Envy

I see you sizing me up in the grocery store, you sweet young thing.

You may not be able to place this feeling quite yet, but I’ll give it a name for you.

Envy.

I didn’t get this way overnight you know. Turning into a late-40’s goddess takes time and dedication.

A willingness to forgo exercise for vanilla scones and a Venti mocha.

To leave the lip gloss at home when grocery shopping.

To skip the nail salon/spa facial/tooth whitening in favor of buying a yearbook for your kid.

Time to accept reality and finally be comfortable in my own skin.

Skin that’s not only soft, but supple. Actually the dimply fat accumulating underneath is what’s supple. I feel soft and squishy when you hug me. And this nice little curve of belly that the lady hormones have created is going to be the next big thing.

An accessory coveted by the younger crowd. Not available in stores.

And while my legs and butt may be somewhat thin, there’s a certain softness that descends upon middle-aged women that you might not see when you look at me in the grocery store checkout line.

But it allows me to sit for hours on end without pain. To double-check algebra homework, play Monopoly on a rainy day, comfort a sick child, drive the carpool, or just be plain old lazy do some writing.

You pay big money every month for those highlights to accent the colors in your hair. Or bring in new colors not found in nature.

My highlights are silver and shiny, quite possibly the color of angel’s wings. They grow in a neatly-organized rows at my roots without fail every four to six weeks.

Little soldiers in the war that age is waging on my scalp.

When I’m not too lazy (or too cheap), I call in the troops and temporarily render my natural highlights a brownish-red.

But I see you eyeing them now, wishing they were yours.

Someday, young one.

And these wrinkles? Each and every one earned with a laugh or a funny story; countless sleepless nights with a sick baby; crying over a loved one lost.

You may want them, but they’re mine. You will earn your own in time.

I may not be on Gossip Girl or the cover of People Style Watch, but when I walk through my own front door?

I’m a Super Model.

People fall at my feet, begging for autographs. Or maybe they’re begging for a home-cooked meal and a signature on their homework packet.

No matter; I am beautiful as I glide effortlessly through my home tending to the masses and changing lives as I adjust my tiara.

Hubs treats me like I’m Cindy Crawford. He can’t see the spider veins, wrinkles, gray hair, or floppy arms. So I soak up the attention and give it right back.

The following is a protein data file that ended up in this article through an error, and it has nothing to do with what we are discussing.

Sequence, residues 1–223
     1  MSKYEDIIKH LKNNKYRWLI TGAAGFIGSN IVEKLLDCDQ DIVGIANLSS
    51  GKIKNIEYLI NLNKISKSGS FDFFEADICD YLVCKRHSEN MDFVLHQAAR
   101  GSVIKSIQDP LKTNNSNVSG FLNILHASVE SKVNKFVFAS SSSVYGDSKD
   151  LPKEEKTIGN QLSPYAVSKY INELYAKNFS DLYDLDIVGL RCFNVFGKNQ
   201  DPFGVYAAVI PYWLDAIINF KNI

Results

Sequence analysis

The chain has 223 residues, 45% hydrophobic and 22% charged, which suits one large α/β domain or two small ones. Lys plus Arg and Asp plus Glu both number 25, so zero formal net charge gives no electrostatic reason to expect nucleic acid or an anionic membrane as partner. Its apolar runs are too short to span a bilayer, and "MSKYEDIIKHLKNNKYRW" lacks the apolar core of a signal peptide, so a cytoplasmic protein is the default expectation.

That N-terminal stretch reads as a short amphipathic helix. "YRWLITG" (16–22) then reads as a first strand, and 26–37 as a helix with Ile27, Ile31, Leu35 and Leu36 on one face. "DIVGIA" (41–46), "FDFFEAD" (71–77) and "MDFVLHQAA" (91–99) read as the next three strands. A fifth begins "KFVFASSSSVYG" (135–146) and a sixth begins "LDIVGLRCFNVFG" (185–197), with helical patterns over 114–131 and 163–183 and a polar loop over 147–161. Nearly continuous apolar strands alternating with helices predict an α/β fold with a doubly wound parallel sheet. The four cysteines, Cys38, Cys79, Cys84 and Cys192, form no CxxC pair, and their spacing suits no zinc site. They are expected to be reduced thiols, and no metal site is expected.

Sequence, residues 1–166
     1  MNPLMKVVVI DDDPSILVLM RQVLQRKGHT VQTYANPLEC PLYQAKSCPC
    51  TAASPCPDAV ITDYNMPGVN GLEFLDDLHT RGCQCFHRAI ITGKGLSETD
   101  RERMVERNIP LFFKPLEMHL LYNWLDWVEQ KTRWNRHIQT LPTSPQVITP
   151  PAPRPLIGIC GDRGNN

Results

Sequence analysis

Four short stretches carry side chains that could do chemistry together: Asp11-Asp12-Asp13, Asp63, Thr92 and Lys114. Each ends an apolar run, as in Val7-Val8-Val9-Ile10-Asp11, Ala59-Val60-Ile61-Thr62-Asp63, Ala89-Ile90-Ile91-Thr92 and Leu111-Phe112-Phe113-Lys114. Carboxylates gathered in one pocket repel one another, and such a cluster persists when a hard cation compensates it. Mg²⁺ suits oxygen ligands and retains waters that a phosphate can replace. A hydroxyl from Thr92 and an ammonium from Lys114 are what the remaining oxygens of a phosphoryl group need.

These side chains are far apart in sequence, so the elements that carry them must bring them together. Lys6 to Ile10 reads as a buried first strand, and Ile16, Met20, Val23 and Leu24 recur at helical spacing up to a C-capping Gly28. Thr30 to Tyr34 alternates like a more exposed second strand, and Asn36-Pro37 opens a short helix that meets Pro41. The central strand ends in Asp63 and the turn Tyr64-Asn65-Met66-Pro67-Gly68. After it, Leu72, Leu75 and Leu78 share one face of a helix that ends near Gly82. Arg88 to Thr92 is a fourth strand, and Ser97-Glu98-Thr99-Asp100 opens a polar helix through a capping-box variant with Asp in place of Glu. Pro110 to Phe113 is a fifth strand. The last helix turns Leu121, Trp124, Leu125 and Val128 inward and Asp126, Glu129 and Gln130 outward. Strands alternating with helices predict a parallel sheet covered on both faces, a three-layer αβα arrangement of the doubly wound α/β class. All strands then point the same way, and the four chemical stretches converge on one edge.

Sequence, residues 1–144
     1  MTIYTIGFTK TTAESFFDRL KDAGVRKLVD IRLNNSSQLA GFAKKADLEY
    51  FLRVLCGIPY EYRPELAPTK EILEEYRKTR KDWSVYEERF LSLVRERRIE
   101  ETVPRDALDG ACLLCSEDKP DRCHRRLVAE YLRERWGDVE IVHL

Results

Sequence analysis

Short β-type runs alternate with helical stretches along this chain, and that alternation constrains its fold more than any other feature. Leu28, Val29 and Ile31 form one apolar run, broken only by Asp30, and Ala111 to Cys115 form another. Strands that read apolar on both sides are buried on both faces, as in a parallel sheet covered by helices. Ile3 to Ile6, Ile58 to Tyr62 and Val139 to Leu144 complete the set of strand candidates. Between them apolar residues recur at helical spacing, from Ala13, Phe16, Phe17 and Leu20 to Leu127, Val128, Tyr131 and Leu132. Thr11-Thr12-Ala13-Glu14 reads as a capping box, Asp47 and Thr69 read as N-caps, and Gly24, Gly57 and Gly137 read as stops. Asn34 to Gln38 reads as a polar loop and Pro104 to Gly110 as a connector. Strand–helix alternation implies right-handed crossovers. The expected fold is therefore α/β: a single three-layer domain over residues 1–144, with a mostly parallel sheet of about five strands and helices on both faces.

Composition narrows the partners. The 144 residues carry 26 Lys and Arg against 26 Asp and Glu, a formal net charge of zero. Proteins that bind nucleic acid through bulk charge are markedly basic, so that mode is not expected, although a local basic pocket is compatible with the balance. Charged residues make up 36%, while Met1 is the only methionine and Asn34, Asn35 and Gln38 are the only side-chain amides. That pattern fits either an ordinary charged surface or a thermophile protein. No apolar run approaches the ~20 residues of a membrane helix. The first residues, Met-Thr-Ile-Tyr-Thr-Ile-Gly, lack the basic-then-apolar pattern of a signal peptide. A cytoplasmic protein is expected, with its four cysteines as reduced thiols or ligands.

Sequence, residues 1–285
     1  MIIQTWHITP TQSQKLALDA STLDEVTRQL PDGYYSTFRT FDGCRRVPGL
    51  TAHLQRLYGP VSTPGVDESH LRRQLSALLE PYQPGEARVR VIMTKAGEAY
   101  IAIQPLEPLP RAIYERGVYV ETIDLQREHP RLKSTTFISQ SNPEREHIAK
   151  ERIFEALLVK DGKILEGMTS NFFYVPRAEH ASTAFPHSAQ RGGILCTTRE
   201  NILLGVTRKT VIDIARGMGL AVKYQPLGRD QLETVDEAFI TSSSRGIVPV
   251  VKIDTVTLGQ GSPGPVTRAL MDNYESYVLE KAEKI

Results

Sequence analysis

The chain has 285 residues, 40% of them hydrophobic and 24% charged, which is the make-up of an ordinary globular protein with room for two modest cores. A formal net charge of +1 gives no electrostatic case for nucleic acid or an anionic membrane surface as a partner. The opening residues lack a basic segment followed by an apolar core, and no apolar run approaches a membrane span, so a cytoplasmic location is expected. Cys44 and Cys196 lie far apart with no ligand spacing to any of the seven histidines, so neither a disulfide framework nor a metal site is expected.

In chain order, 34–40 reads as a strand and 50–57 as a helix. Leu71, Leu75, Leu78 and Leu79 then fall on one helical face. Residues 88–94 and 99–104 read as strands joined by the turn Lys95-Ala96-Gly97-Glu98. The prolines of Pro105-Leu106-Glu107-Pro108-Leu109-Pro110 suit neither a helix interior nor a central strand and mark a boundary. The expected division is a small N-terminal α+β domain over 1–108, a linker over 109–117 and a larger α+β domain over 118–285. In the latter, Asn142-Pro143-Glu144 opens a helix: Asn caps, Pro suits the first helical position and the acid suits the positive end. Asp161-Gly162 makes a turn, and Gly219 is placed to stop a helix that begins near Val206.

Because it’s like I’m the star in my own reality show.

I’m finally comfortable in my own skin.

Sure, it doesn’t stretch quite the way it used to. It dimples, sags, and puckers.

But I’ve found that my life’s purpose goes way beyond skin deep. Beyond the clothes I wear or the flash of my whiter-than-white teeth.

Deeper still, inside my heart, where maybe only my family can see the real me.

And I’m beautiful.

Forward My Mail

We just got back from our end-of-the-summer family camping trip, which was PERFECT. There are so many things about camping that are awesome, but many things don’t always go as planned. If you camp, you know what I mean.

So the fact that this trip was absolutely perfect has made me decide to move.

Why I am Moving to the Campground
  • Makeup is totally optional when you are camping. Not only is it optional, but it would be just plain silly. Dirt is a perfect alternative to foundation, and with your sunglasses on all day nobody would care if you used mascara or not.
  • You don’t have to clean the toilet. Yeah, outhouses are a bit stinky, but I can hold my breath for a minute or two if it means I don’t have to clean it.
  • Mopping and dusting would be a thing of the past.
  • The dog is dirty? Doesn’t matter. Go swim in the lake; problem solved.
  • Kids are dirty? See comment about the dog; problem solved.
  • Bedtime becomes a welcome thing for the kids, who are exhausted from hiking and being outside 24/7.  The campfire dies down, and so do the kids. Before 11pm.
  • It just doesn’t matter what time it is when you are camping. If you are hungry, it must be lunch time. Tired? Time to sleep.
  • Food has to be pretty simple when you are camping, so I don’t have to worry about emulating Martha or Rachel Ray. In fact, I think research has proven that any food prepared and consumed at a campground just tastes better. Even if I made it.
  • Clothing is not expected to be stylish. In fact, I think if you are too stylishly dressed at the campground, the others may swarm around you in disgust, forcing you to change into that faded yellow sweatshirt you stole from your aunt and the thick socks that look like you stole them from a dead lumberjack.
  • The absolute lack of technology. We had no phone service, no Wi-Fi, no cable, nothing. We actually had conversations and laughs, some good Facetime instead of Facebook.
  • Manicures and pedicures are not required at the campground. It would actually be a bad idea to even arrive with nice nails, since within an hour your feet will resemble something from prehistoric times.
  • No more making beds in the morning!
  • True, there are dishes to be washed, but burning the paper dinner plates is cathartic. Really.

So forward my mail, hold my calls, and sorry if I miss a few blog posts.

I’ll be back when I run out of clean undies.